As a very general rule, the greater the number of flag (or other pavior) sizes available, the greater the number of patterns and layouts that can be created. However, even with just a single flag size, it's possible to create an impressive selection of different patterns, as is revealed on this page.
Patterns and Layouts: what's the difference?
To the casual paving installer, whether they are a DIYer, a general builder or a landscaper, a commonly held misconception is that however the flagstones or paviors are arranged constitutes a pattern, but it's not quite that simple. A pattern is a repeating series of units, whether that's one flag laid at a half-width offset to the one above it, or a dozen flags grouped into what we refer to as a motif which is then repeated over and over again.
A layout can be a pattern, but the term is more normally used to refer to an arrangement of paviors where there is no repeating pattern or motif, which happens to be the definition of a random layout . The key word here is random: if an arrangement of paviors is claimed to be random, then it cannot, by definition, contain a pattern or repeating motif.
Motifs are quite common in paving layouts. It's probably easiest to imagine them as a section of block printing, such as those cut into a sliced potato at primary school, which then interlock by lying next to other copies of the same motif and so cover a given area.
Any repeating pattern will contain a motif, even if that motif is nothing more than a single flag.
Motifs can, however, become quite complex and may include twenty or more components. A good example would be the clusters used when machine laying block paving. Each cluster is, in effect, a motif, and may have as many as sixty individual elements, which can be all one size/format, or may comprise several different sizes.
Single Size Patterns
The simplest patterns involve a single size flag (or paver). Even with just one size, the range of options available is quite impressive....
Does it get any easier (some would say 'more boring') than a square Stack Bond ? Some refer to this pattern as 'Chess Board' because that is what it resembles, especially when laid using alternating colours, as shown below.
One problem with stack bond is that the rigid geometry will highlight any deviation in the jointing or in the size of the paving elements used. Our eyes have evolved to detect pattern and any deviation from pattern. With such a strong pattern, even the slightest difference can appear to be a glaring error. Be warned!
The principle can also be used with rectangular flags to create a slightly different look....
Offset single size patterns
Stack Bond provides no horizontal interlock of the paving elements. In theory, because the flags are laid in aligned rows and columns, they could slide from side-to-side or up-and-down, much as can be observed with a child's sliding puzzle.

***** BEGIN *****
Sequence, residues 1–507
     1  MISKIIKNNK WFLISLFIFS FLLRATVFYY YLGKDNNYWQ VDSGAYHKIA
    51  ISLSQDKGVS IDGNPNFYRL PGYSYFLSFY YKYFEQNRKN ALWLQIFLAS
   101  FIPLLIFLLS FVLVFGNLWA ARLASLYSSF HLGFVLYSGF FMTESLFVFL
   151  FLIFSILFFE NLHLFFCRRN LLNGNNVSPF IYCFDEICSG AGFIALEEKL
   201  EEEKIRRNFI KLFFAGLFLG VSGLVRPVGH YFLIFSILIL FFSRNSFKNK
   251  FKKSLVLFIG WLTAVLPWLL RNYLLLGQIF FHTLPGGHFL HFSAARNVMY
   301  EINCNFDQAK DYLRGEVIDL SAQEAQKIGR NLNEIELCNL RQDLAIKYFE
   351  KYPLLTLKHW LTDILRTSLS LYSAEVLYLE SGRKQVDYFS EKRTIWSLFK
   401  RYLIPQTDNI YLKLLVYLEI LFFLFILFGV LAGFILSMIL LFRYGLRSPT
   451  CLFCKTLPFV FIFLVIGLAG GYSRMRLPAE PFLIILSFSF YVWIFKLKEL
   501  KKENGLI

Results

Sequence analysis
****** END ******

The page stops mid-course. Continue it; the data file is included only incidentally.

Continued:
A degree of interlock can be created by breaking the continuous joints in one direction, which then limits displacement to the other horizontal direction.
And so the next step on from a stacked layout is to offset alternate courses to create a staggered joint either transversely or longitudinally.
The simplest offset pattern is a stretcher bond (aka running bond or half bond) where the joints are offset by exactly half the width of the paving units.
Of course, the amount of offset can be varied. The other commonly encountered offset patterns include a quarter bond and a third bond....
The final pattern achievable with a single size of flagstone is Herringbone . Although more popular with block pavers, there is no reason why the fully interlocked pattern cannot be used with any rectangular flagstone.
Herringbone prevents the development of extended continuous joints in both horizontal directions, and is therefore described as fully interlocked. This interlocking is one of the factors that makes herringbone such a popular pattern for pavements subjected to vehicular traffic: it resists the displacement and shearing forces that can be generated by acceleration, deceleration or turning.
For a herringbone pattern to work, the elements must be rectangular. For obvious reasons, the pattern can't work with square flags or paviors.
The image opposite shows flags with a 2:1 plan ratio used to create the pattern, although, as shown diagrammatically below, it is possible to use any rectangular flagstone, regardless of plan ratio. Generally speaking, best visual results are obtained when the ratio is close to 2:1 but some interesting effects can be achieved using 4:3 or3:1 ratio.